SA: The Riverland

"Towering Cliffs, Oranges and Grape Vines"

More than an Oasis in the Surrounding Arid Countryside

The Riverland Guide

By the time the Murray River reaches South Australia it is well and truly passing through arid countryside with limestone rocks scattered all over the sprawling grain paddocks (fields). Nevertheless along the river edges are areas of rich soil which with the touch of just a little water becomes the fruit bowl of South Australia. Fruit orchards make a green oasis of colour and along the roadside there will often be shops and stalls where visitors can purchase the local produce.

The river along this part also features eighty to one-hundred foot high cliff-faces of sheer limestone that are great for climbing, for photography or simply for a great view as the passer-by stops for a coffee on the banks of the Murray. There are many specially designated tourist stops and time can be spent enjoying the open spaces and the peace and tranquility of the river.

At Kingston-On-Murray, where the Sturt Highway crosses the Murray River (one of four crossings) over a high modern bridge, there are views to linger over and down below on the river flats the nature lover will find birds and animals to track.

To the north and south of the bridge there is a large expanse a unique lake system abundant with wildlife. At nearby Banrock Station they not only make world class wines but they have a special project protecting and developing the Murray River wetlands. The Station flatlands are filled with unique wildlife and birdlife and the Station has been particularly helpful in partly ridding the Murray River of the European Carp that had devastated the river for nearly five decades.

Further downstream to the west at Waikerie venture off the main highway and head up to Cadell and on to Morgan to see the old shipping docks. Crossing the river on a punt or ferry there are wonderful views of the river from water level. There are ferries at Waikerie and Morgan but the crossing at Cadell is especially scenic. So take some time and enjoy the simple pleasure of sitting on the banks of the river with a fishing line and a cold drink is relaxing and soothing.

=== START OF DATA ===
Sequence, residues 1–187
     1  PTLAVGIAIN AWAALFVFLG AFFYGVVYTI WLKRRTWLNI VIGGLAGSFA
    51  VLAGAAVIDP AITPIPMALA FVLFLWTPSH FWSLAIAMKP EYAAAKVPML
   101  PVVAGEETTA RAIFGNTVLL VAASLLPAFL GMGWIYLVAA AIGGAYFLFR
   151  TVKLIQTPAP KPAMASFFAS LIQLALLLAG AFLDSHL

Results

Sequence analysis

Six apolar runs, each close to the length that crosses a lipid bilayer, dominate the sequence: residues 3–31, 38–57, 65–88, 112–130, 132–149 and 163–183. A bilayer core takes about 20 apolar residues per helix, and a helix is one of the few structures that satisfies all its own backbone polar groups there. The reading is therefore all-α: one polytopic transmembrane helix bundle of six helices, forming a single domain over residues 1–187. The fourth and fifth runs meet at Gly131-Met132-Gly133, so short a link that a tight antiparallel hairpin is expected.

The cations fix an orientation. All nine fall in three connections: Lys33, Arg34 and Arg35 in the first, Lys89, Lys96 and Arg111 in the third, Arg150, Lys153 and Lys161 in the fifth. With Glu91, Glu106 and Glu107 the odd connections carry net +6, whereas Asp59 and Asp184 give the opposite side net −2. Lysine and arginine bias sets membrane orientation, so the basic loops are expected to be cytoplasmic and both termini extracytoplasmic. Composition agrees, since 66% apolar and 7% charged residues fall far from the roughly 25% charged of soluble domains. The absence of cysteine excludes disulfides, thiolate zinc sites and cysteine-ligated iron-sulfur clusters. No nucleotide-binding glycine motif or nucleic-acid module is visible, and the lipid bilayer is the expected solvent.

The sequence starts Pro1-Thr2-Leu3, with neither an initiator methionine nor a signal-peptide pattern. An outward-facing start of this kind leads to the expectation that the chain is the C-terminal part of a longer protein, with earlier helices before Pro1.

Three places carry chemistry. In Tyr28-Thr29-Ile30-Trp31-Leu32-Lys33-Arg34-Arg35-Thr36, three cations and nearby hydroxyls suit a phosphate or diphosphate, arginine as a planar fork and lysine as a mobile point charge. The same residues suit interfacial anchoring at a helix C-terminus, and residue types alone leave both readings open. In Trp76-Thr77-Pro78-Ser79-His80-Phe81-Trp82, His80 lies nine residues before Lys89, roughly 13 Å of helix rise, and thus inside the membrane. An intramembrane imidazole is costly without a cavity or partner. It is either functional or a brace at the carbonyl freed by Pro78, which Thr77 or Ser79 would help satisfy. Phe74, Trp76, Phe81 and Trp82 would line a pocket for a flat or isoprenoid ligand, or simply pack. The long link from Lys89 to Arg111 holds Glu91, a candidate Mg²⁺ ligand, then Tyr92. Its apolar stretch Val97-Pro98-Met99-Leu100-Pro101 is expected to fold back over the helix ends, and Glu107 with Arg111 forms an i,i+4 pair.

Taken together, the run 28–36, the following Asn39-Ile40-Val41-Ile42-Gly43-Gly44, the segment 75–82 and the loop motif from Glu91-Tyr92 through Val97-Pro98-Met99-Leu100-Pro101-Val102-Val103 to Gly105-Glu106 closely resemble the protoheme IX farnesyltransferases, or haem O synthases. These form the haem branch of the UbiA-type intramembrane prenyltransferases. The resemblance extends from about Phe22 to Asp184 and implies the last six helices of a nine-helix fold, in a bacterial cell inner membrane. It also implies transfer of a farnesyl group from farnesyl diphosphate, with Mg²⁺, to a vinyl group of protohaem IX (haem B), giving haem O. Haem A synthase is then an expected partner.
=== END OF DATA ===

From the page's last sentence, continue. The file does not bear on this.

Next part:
In times gone by the only way to cross the river was by ferry or punt however over the decades some unique and majestic bridges have been built providing not only easy access across the mighty Murray but some wonderful views of the river and the countryside. The twin old and new bridges at historic Blanchetown, is another place that provides the traveler the opportunity to stop and take in the sights including the historic Murray River Lock One and the century plus old hotel, still with rafters shaped with a broad axe and eight inch hand-made nails. Nearby Brookfield Conservation Park is home to a dedicated habitat and breeding ground of the Southern Hairy-nosed Wombat. The flowing river, limestone cliffs, birds and the trees spread out along the banks of the Murray will reinvigorate the senses, infusing an ambiance as fresh as the country air breathed in.

 

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